|SSA, Java and Points-to Analysis firstname.lastname@example.org (2006-01-26)|
|Re: SSA, Java and Points-to Analysis email@example.com (shrey) (2006-01-28)|
|Re: SSA, Java and Points-to Analysis firstname.lastname@example.org (Diego Novillo) (2006-01-28)|
|Re: SSA, Java and Points-to Analysis email@example.com (Florian Liekweg) (2006-01-28)|
|Re: SSA, Java and Points-to Analysis firstname.lastname@example.org (Jeremy Singer) (2006-01-28)|
|Date:||28 Jan 2006 15:00:06 -0500|
|Posted-Date:||28 Jan 2006 15:00:06 EST|
What you are referring to is the more general problem of "Field
sensitivity", I cant recall the paper but try search with this keyword
As regards flow sensitivity, it is nice to have but such algorithms
are not scalable in real world. So more importance now is on faster,
scalable pointer analysis and so these
have to flow insensitive and may be field insensitive too, but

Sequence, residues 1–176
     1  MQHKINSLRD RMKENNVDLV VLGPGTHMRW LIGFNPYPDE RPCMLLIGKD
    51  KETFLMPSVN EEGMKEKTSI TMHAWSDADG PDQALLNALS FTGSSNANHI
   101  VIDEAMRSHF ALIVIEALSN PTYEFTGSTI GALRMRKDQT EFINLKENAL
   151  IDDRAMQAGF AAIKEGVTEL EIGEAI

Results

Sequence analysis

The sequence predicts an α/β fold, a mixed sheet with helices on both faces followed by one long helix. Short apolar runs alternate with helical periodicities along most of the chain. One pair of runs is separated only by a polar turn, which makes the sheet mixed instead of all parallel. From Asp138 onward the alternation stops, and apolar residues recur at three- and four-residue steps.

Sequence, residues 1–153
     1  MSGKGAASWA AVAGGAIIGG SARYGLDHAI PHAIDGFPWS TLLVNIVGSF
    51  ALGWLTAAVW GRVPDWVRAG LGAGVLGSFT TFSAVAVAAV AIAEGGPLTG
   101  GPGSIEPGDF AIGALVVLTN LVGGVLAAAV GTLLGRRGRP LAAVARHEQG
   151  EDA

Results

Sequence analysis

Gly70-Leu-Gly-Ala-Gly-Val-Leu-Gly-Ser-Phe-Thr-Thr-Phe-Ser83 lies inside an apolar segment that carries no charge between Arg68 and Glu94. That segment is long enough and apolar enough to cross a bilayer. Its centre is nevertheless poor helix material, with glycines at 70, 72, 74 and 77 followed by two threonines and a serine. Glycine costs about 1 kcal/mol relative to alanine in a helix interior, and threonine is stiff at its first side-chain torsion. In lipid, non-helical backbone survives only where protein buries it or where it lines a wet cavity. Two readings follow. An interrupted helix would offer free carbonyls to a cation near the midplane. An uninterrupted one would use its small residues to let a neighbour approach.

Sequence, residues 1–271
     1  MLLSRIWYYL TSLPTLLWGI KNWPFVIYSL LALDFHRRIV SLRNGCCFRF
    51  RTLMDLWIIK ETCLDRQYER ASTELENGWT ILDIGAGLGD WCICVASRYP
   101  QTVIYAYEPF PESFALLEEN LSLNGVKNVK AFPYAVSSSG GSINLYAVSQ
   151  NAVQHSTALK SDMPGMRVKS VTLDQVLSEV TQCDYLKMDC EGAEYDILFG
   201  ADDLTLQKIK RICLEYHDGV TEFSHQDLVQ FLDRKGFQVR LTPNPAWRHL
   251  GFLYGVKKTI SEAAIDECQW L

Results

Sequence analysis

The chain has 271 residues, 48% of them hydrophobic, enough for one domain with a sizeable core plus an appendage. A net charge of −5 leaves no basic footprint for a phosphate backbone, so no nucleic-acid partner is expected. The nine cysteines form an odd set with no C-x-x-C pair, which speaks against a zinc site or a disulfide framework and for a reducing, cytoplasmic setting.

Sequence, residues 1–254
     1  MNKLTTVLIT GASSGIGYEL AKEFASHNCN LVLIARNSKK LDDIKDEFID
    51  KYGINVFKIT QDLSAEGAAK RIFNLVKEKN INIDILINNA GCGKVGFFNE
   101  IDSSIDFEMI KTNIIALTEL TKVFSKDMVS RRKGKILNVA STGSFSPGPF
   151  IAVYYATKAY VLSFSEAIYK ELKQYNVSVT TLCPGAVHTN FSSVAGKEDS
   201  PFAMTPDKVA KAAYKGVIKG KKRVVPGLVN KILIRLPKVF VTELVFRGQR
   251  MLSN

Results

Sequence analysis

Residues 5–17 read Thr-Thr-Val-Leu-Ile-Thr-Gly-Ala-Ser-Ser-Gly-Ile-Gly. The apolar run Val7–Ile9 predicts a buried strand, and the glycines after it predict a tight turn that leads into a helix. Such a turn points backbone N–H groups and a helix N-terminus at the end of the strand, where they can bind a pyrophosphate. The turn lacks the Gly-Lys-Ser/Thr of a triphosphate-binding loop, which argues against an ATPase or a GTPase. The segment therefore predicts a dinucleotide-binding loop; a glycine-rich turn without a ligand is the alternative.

andersons is field insensitive
> (1) How does the static single assignment for Java three-address
> statements look like in the presence of field references ? For eg, if
> there were two references like :
> a.f = b ;
> a.f = c ;
> then is the equivalent form of SSA this :
> a1.f = b;
> a2.f = c; ?
> Is there any paper/(any other resource) that describes the extension of
> SSA form for object oriented languages ?
> (2) Does the use of SSA for Java help in points to analysis ? Does it
> mean that any flow-insensitive analysis automatically becomes a
> flow-sensitive one ? By the way, is flow-sensitive analysis not that
> important ? I am asking this because the most recent papers on
> points-to analysis for Java I happened to encounter ( extension of
> Anderson's analysis for Java, cloning based context sensitive points to
> analysis for Java ) are flow insensitive.
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